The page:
The Green Hornet! He hunts the biggest of all game: public enemies that even the G-men cannot reach!
With his faithful valet Kato, Britt Reid, daring young publisher, matches wits with the Underworld, risking his life so that criminals and racketeers within the law may feel its weight by the sting of the Green Hornet!
Like the assorted mystery men we discussed last time, the Green Hornet actually predates Superman – he first buzzed his way onto the radio in 1936, the brainchild of George W. Trendle and Fran Striker. And like those characters, a certain pulpy, 30s-esque tinge of sepia still clings to him. Maybe it’s the old-school fedora-and-mask combo; maybe it’s the shadow of the radio series, which was immensely popular and ran all the way to 1952; maybe it’s just that until this year he’s never had the weight of one of the Big Two comics publishers behind him. But the Green Hornet has retained that vintage flavor while contemporaries like Superman and Batman have become timeless.
Despite the 2011 movie – which was my first introduction to him – the Green Hornet’s still a relatively unknown quantity even within geek culture, so here’s a quick rundown: Britt Reid (incidentally, the great-nephew of the Lone Ranger, whose show was also produced by Trendle) is a dashing young playboy. The owner of the Daily Sentinel, he uses his access to the latest news to fight crime as the Green Hornet, accompanied by his valet/chauffeur/jack-of-all-trades Kato. Assumed by the police to be a criminal, the Green Hornet plays into his reputation as a no-goodnik to get in good with the rackets he smashes. Aside from his car, the Black Beauty, and his gun with its knockout gas pellets, his trademark is a little Green Hornet symbol (on the TV show it basically looks like a Pog), which he leaves behind to let criminals know he’s onto them or to tell the police he’s solved yet another case.
The most notable character in the franchise, arguably even more than Britt, is of course Kato. Thanks to Britt saving his life on some past adventure in the Far East, Kato is now his devoted friend/sidekick/uh, something. I don’t know, maybe having some guy follow you around everywhere was normal in the 30s. Kato was originally Japanese, but after Japan’s 1939 invasion of China, his nationality was quietly dropped from the narration, and soon after various sources started referring to him as Korean or Filipino. I was bracing myself for a thick accent and a lot of scraping and bowing from Radio Kato, but mostly he’s just quiet and helpful – not that there’s not racism enough in the idea of a generically Asian character obediently trotting around after some rich white dude. It’s especially disappointing because as the genius who designed both the Black Beauty and the gas gun, not to mention an Asian man living in America during World War II, Kato’s clearly a far more interesting character than Britt.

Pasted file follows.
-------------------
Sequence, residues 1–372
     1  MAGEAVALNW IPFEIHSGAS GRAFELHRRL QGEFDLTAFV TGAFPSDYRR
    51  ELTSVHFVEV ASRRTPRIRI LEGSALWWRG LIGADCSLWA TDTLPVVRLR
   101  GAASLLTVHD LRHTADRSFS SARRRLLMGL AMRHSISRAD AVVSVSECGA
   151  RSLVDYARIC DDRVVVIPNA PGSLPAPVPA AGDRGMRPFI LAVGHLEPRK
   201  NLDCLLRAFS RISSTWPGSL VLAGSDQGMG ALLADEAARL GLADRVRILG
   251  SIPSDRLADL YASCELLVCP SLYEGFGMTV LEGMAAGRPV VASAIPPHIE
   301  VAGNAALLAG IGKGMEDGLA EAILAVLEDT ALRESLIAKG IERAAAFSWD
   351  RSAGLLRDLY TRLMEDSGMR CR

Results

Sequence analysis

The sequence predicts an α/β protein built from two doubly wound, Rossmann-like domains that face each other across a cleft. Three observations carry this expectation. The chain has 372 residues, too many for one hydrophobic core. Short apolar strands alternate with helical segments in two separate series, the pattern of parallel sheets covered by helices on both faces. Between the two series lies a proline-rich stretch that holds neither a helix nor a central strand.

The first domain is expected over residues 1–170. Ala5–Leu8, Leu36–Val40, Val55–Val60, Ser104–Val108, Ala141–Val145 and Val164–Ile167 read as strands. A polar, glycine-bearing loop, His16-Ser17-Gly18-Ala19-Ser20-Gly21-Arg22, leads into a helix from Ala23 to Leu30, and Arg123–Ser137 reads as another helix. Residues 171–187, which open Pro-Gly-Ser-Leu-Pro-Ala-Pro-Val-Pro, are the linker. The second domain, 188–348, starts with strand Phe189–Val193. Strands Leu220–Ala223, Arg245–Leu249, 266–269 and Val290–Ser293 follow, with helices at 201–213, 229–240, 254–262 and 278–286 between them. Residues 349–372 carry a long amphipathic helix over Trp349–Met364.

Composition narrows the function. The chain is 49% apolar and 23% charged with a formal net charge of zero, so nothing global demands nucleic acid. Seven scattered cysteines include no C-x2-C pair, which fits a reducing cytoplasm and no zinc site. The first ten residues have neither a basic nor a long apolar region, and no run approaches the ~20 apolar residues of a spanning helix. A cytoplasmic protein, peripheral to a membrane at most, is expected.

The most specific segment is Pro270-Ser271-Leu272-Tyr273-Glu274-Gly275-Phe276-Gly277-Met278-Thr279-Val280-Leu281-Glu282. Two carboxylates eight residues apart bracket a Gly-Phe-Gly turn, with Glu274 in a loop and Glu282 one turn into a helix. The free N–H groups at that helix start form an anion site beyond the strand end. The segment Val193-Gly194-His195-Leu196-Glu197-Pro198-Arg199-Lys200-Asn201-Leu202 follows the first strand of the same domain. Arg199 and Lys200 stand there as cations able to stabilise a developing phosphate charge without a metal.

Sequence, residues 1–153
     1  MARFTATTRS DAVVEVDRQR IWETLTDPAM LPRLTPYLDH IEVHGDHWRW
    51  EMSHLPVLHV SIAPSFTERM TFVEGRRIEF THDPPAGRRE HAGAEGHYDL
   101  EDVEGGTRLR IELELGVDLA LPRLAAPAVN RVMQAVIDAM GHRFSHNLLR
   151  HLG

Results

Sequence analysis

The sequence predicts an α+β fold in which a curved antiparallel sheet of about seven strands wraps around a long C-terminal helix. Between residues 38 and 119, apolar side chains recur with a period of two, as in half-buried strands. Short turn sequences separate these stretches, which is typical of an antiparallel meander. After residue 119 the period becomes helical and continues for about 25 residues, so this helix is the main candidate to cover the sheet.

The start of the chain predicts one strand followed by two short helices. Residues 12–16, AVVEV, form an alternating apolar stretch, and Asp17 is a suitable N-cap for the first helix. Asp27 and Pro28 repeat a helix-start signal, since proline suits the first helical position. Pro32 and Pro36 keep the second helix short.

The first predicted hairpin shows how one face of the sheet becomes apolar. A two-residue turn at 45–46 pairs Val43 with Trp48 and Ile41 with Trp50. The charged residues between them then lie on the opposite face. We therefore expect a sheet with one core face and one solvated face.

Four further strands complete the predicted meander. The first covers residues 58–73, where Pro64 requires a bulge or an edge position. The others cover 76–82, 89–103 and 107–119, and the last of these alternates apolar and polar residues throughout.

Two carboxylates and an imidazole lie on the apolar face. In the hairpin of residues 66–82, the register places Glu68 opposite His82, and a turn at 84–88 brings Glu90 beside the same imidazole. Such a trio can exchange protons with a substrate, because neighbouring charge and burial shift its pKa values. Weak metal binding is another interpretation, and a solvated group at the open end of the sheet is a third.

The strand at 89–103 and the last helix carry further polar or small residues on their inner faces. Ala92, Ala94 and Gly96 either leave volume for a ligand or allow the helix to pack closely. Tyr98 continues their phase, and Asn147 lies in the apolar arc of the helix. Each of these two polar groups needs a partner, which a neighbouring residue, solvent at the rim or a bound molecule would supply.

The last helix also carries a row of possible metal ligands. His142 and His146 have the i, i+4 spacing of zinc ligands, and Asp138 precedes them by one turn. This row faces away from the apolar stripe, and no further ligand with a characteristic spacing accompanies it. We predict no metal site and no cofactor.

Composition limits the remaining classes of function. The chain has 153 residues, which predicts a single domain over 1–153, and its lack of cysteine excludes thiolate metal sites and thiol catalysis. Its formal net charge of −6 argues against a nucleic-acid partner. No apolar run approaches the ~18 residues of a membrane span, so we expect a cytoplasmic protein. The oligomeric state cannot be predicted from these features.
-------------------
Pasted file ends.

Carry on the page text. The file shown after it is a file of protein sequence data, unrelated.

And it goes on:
The rest of the cast is fleshed out with the staff of the Sentinel – the exasperated and slightly lovelorn secretary Lenore “Casey” Case, hard-nosed and fairly interchangeable reporters Mike Axford and Ed Lowry, girl photog “Clicker” Binny, and so on. If you’ve seen His Girl Friday, you’ve got the general idea.
And that for me was the problem with enjoying The Green Hornet as much as I wanted to. It’s a perfectly good radio serial, even if the episodes feel a little long at 30 minutes each. The cast, originally led by Al Hodge and Tokutaro Hayashi as Britt and Kato respectively, is solid; the patter is snappy; the racketeers are all lowdown dirty rascals, as they should be.
But it all kind of feels familiar. As a playboy and newspaper man, Britt feels like a mashup of other, more well-known heroes than his own thing. It’s totally unfair to the Hornet, who predates both Batman and Superman, but it might help to explain why he’s never again reached the popularity of his early years – his shtick was boosted by a pair of upstarts in longjohns and he’s never quite recovered. It doesn’t help that Britt’s a publisher and not a reporter, meaning that it’s Mike, Ed, and/or Clicker doing the legwork for the first two-thirds of every episode, until Britt will inevitably exposit the whole plot to Kato before swooping in as the Green Hornet. There are some compelling concepts seeded into the Green Hornet’s story, but Britt himself is just not a particularly active or compelling character.
I’d definitely recommend listening to at least a few episodes of The Green Hornet if you’re interested in early superheroes and/or 30s Americana – or if you really love “Flight of the Bumblebee,” since they play it in its entirety like three times per episode – and you can do so for free at the ever-helpful Internet Archive. But unlike, say, The Adventures of Superman, which I loved, I probably won’t be tuning in to this particular Bat-channel (Hornet-channel?) again.